For my project I propose to conduct first hand research surrounding safe spaces for LGBTQIA+ students in our university. The primary question of this research is: how effective are safe spaces in our university setting? The aim is to use a number of research questions to determine the effectiveness of these spaces. This will include building a definition of a safe space with the help of students who use and help actualise safe spaces in the university and determining the extent to which safe spaces around the university are easily identifiable and succeed in their aims. This will incorporate emphasis on stickers and signs that declare public spaces, such as the library, as safe spaces and whether this is a claim that can be supported. By asking students how they feel about such labels declaring safe spaces, as well as speaking to library staff about how they uphold the safety of those utilising the space, I aim to find out how reliable and appreciated safe spaces around the university are.
The research method will use qualitative questionnaires, preferably conducted through in person interviews although written answers would also be an effective collection method if coordinating interview time with people is not possible due to my limited time on campus. In addition to thoughts on the definition of safe space, questions that may be used include the influence of the university context on the effectiveness of the safe space, identifying safe spaces around the university and ascertaining which spaces students utilise.
I have found several articles about research surrounding safe spaces, especially in relation to LGBTQI+ youth and the importance of having a safe space in removing a sense of isolation and developing identity. One journal article focuses specifically on the importance of libraries as a place of free and equal access to information where LGBTQIA+ people can access information and be treated with respect while connecting to the wider community, especially in remote areas (Day, 2013). The article discusses the importance of providing people with the knowledge that they are not alone by providing posters and reading lists that support LGBTQIA+ people and attempt to educate the general public (Day, 2013). My research intention is to find out if strategies such as this are effective.
Two other articles outline the importance of alliances, peer support and safe spaces in high schools (Fetner et al, 2012; Ratts et al, 2013). These articles are focused on American and Canadian students that are obviously younger than university students but both highlight the importance of effective safe spaces in learning environments (Fetner et al, 2012; Ratts et al, 2013). A British study interviewed students about feeling different, isolated, and unable to find others like themselves as well as the positive effect a safe space can have (Crowley et al, 2007).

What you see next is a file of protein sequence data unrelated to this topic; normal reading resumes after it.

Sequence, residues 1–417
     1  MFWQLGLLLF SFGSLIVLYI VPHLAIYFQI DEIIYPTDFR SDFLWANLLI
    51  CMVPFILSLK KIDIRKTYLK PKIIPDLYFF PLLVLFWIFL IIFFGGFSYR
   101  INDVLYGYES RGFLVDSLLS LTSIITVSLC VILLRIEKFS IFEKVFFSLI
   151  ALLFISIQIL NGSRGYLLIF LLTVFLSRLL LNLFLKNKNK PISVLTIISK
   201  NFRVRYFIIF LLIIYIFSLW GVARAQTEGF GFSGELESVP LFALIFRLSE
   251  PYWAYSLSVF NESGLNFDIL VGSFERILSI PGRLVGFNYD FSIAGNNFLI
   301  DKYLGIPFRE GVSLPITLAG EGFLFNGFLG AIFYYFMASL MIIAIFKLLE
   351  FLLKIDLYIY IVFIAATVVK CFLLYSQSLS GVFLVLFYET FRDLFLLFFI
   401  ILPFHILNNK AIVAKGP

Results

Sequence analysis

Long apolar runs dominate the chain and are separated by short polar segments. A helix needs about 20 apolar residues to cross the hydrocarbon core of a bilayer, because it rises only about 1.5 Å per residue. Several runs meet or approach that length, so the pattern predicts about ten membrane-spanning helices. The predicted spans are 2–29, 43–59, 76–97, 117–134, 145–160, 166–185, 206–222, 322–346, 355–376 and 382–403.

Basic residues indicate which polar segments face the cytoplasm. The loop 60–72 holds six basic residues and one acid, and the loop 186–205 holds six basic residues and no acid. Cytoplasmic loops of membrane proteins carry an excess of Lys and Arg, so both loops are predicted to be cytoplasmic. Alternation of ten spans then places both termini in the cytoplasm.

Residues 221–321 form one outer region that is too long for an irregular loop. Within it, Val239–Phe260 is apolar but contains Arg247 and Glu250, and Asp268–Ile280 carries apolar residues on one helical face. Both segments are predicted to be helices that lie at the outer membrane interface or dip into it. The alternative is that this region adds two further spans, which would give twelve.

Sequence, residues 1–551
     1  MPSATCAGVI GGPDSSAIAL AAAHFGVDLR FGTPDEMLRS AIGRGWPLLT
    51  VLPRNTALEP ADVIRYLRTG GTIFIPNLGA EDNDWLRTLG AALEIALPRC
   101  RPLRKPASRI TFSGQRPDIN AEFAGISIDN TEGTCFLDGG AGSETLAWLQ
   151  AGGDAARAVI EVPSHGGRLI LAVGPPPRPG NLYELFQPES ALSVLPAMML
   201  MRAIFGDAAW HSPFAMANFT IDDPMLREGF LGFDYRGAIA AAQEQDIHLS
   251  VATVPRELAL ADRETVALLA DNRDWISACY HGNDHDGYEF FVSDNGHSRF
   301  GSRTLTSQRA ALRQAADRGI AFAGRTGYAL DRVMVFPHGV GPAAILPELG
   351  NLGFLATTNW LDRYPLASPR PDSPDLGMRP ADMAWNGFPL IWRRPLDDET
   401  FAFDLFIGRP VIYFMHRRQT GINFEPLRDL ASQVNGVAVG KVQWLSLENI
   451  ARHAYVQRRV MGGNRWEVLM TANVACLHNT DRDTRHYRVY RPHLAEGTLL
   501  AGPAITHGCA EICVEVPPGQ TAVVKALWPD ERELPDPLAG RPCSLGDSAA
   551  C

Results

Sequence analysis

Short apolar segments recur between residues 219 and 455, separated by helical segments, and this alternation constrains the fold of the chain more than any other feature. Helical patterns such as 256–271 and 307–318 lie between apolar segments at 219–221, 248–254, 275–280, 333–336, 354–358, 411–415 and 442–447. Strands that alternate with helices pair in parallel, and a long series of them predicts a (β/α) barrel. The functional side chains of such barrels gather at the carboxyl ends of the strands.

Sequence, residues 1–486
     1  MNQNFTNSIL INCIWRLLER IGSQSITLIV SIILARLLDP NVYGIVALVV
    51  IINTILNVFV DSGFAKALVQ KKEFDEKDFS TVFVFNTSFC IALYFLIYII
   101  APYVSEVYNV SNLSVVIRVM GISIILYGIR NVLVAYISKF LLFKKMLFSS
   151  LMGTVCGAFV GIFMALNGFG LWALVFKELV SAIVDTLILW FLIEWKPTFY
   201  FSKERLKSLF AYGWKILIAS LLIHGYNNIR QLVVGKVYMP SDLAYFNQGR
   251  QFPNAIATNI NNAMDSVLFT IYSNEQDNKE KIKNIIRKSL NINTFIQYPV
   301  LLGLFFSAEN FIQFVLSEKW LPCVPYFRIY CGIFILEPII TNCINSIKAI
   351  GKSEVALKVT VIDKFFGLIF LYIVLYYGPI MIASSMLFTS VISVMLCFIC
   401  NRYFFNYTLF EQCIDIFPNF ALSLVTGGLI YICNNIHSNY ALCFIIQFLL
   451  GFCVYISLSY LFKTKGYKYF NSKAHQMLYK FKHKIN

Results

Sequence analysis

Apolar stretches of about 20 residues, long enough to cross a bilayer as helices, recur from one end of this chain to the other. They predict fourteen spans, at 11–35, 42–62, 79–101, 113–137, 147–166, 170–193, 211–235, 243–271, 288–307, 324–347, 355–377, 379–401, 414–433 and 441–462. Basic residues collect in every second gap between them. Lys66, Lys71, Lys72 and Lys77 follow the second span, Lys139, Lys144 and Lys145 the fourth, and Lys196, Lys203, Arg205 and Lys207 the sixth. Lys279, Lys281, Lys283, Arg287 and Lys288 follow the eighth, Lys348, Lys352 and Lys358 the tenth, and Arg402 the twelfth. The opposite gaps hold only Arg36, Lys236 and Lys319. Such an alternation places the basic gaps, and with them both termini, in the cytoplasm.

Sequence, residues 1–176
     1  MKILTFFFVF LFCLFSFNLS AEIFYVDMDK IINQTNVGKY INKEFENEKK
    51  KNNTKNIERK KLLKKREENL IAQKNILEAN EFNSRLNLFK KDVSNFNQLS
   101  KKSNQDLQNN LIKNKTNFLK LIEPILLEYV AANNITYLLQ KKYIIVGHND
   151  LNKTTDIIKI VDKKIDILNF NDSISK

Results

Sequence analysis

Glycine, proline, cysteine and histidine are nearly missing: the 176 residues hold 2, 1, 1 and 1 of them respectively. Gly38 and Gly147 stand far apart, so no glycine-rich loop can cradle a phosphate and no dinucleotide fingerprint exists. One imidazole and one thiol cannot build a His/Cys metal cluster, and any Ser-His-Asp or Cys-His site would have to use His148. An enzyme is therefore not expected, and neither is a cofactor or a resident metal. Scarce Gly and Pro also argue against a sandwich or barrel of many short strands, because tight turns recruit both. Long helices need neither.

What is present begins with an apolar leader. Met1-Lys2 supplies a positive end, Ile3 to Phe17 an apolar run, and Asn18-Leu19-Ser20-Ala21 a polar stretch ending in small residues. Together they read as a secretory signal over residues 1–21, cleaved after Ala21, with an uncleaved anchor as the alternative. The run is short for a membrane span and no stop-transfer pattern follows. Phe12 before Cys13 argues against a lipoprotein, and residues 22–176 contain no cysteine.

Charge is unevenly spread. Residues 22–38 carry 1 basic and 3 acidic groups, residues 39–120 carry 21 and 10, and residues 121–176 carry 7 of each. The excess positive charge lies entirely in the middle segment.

This range of articles show that research surrounding safe spaces for LGBTQIA+ people is a vast area of interest to a range of people and qualitative research methods are common in finding the feelings of people that use these areas (Day, 2013; Fetner et al, 2012; Ratts et al, 2013; Crowley et al, 2007). I have not yet found research specific to Australian universities and am interested in developing my own understanding of this area through this research project. This could also have the potential of helping groups in the university who coordinate and promote safe spaces by increasing knowledge on how students view safe spaces and how to make safe spaces more noticeable and effective or continue to support existing spaces that already fulfil the goals of a safe space at university.
Day, S 2013, ‘Libraries as LGBTIQ Venues’, Gay and Lesbian Issues and Psychology Review, vol. 9, no. 1, pp. 46-50.
Fetner, T, Elafros, A, Bortolin, S & Drechsler, C 2012, ‘Safe spaces: gay-straight alliances in high school’, Canadian Review of Sociology, vol. 49, no. 2, pp. 188-207.
Ratts, MJ, Kaloper, M, McReady, C, Tighe, L, Butler, SK, Dempsey, K & McCullough, J 2013, ‘Safe Space Programs in k-12 schools: creating a visible presence of LGBTQ allies’, Journal of LGBT Issues in Counselling, vol. 7, no. 4, pp. 387-404.
Crowley, C, Harre, R & Lunt, I 2007, ‘Safe Spaces and Sense of Identity: Views and Experiences of Lesbian, Gay and Bisexual Young People’, Journal of Gay and Lesbian Psychotherapy, vol. 11, no. ½, pp. 127-143.